Catherine the Great's influence felt at new Edinburgh art show
Empress Catherine the Great demonstrates her powerful and enduring cultural influence over Russia in a new art exhibit at Scotland's National Museum that opened today.
The Edinburgh museum's show in collaboration with the Hermitage museum is overflowing with incredibly rich and rare pieces related to the 18th century Russian ruler, including a freshly restored giant coronation portrait of Catherine that has not been on public display since the Russian revolution in 1917.
The exhibition falls on the 250th anniversary of the coup d'etat in which Catherine's unloved husband Tsar Peter II was killed and she started her 30-year reign as empress and sole ruler of a rapidly rising Russia. It runs through the Edinburgh festival season to October 21.
"Catherine the Great: An Enlightened Empress" is the third major exhibition the Scottish museum has put on in close conjunction the Hermitage in St. Petersburg, which has provided a treasure trove of over 600 artefacts from its own collection.
The exhibit emphasises Catherine's role in enhancing the legacy of Peter the Great, whose rule from 1682 to 1725 brought Russia into the European family.
Asked the value of the display, Hermitage director Mikhail Piotrovsky told Reuters it ran into "many millions of pounds".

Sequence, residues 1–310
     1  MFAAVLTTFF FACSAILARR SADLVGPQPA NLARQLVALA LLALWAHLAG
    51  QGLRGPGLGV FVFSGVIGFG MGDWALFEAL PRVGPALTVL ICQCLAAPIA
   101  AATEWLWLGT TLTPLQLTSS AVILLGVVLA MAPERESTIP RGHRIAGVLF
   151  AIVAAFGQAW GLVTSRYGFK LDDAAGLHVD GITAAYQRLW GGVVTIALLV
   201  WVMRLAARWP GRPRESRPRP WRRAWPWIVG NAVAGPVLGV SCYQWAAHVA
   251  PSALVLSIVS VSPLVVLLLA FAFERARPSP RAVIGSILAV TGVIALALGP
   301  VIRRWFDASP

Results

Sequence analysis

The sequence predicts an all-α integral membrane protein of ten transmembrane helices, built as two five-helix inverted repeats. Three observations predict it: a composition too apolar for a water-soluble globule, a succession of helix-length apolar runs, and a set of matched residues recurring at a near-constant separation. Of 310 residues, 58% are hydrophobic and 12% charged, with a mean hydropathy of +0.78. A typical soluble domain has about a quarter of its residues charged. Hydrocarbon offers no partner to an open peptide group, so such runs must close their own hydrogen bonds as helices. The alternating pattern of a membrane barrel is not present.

It brings together an extraordinary range, including paintings, documents, jewellery and porcelain, Catherine's hunting weapons, fabrics and furniture and even a highly ornate and gilded winter sleigh the empress used.
Born into minor German nobility in 1729, by the time of her death in 1796 "Russia had become a true world power, with expanded borders, reformed church and state, hugely developed military and industrial capabilities and a glittering court that was the envy of Europe," the Edinburgh museum notes said.
The exhibition also covers the influence of Scots in the Russian court, from positions as doctors at the imperial court to their influence on architecture, industrial development and the rapidly expanding Russian navy.
On a broad scale, Catherine was a leading figure in the 18th century European enlightenment and a correspondent with leading figures such as Voltaire and Diderot, whose libraries she purchased.
Her agents scoured Europe for collectable items, which laid the foundation of the Hermitage itself as one of the world's greatest museums.
Piotrovsky said Catherine and the exhibition "is very important to us for explaining what Russia is and what Russian culture is. It's a story perfectly told, the story of a ruler who developed the testament of Peter the Great to make Russia a great country, to make Russia great."
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